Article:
Schlock is exalted in the "Jimmy Carter rubber bottle opener," a vague facsimile of his head. His grinning mouth opens the bottle cap, a plug opens in the back of the head through which you can remove the cap. It is made in Japan. It sells for $3.99 at most Plains stores. Cousin Hugh Carter sells it for $4.50.
Cousin Hugh justifies his higher prices at his antiques and souvenir store because he figures he is a valuable commodity now that Miss Lillian no longer signs autographs. Billy is out of town most of the time and the rest are in washington or in hiding. "Me and my daddy are the only two Carters you can get to here," says Hugh, signing an autograph. He was busy buying unpainted wood picture frames, fancied up with curlicues, to resell for $9.95. As he slipped the picture of Jesus Christ out of one sample frame and inserted a color picture of Jimmy Carter. Cousin Hugh said, "I think it'll sell, don't you?"
The tourists greeted with open smiles and cash registers are oblivious to the upheaval, the downright - sxhizophrenia all this change is producing in the folks of Plains.
Many, cashing in on trinkets and out-of-sight and sales, are afraid the boom will stop. They pray that a current lull in trade - off at least 50 per cent from the 3,000-per-good-Saturday a month ago - is just a slump between Florida bound or departing winter tourists and a summer crowd. Other citizens not in on the tourist trade, complain that "you can't hardly get to the post office no more."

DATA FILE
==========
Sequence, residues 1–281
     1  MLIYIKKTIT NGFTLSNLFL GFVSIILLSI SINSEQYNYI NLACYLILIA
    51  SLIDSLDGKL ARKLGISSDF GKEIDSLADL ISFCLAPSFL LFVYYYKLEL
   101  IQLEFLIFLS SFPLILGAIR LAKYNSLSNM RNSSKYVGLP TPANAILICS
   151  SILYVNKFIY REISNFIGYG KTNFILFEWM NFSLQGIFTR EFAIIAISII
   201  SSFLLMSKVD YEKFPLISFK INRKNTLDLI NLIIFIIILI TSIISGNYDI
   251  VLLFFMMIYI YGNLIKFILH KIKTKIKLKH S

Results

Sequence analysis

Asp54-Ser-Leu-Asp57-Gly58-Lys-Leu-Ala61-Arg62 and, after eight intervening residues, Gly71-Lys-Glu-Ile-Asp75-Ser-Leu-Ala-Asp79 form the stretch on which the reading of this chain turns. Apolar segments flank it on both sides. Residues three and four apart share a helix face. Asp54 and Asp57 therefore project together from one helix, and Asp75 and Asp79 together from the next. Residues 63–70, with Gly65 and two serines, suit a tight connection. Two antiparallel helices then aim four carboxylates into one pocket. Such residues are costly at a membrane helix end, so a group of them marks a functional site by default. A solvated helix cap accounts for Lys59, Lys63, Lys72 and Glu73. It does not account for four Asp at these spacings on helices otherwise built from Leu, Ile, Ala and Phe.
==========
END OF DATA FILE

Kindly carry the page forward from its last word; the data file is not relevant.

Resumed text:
Still other Plains people are happy to cast off an insular life to trade talk with tourists from Tokyo and Ottawa and Cleveland. The most concerned want to halt tackiness, but see the commercial inevitability of the next four, or possibly eight years. In some cases, spitefulness, jealousy and, as Arlington, Ga., entrepreneur Albert Newberry said, "a dog eat dog" competitiveness has surfaced.
Various tours knock each other. "Why he don't even show the home of Miz Allie," (Rosalynn Carter's mother) sniffed one woman driver of another tour, clanging the bell of the Peanut Express, with a presidential seal on its side. One restaurant owner whispered to a customer that another owner didn't really make "home made" pies as advertised.
A special resentment is reserved for the world's most celebrated good ole boy, Billy Carter. Other merchants, fearing that Billy's page one comments have helped drive away tourists, grumble, "Billy complains about what's happening to his town and yet he's hauling it in as fast as he can." There are his $10,000, appearances the gasoline he sells (at times, 10 cents a gallon higher than in nearby Americus) and the beer (tourists cherish the cans). In addition, Billy leases a plot of prized land for the "Carter Country Tours" to park their buses on and gets a percentage of the profits.
As speculators dream of even more rural sprawl, there is a gold rush feverishness to the talk. A wax museum and two more souvenir shops are imminent. An amusement park, a Ramada Inn on the outskirts of town and cottages called Pond Houses "a la Miss Lillian" are prospects. If the citizens of Plains would only agree to rezone some downtown property commercial, figures Americus realtor James Dalton, "the land I sold to a rich woman doctor from California would be just the spot for a McDonalds."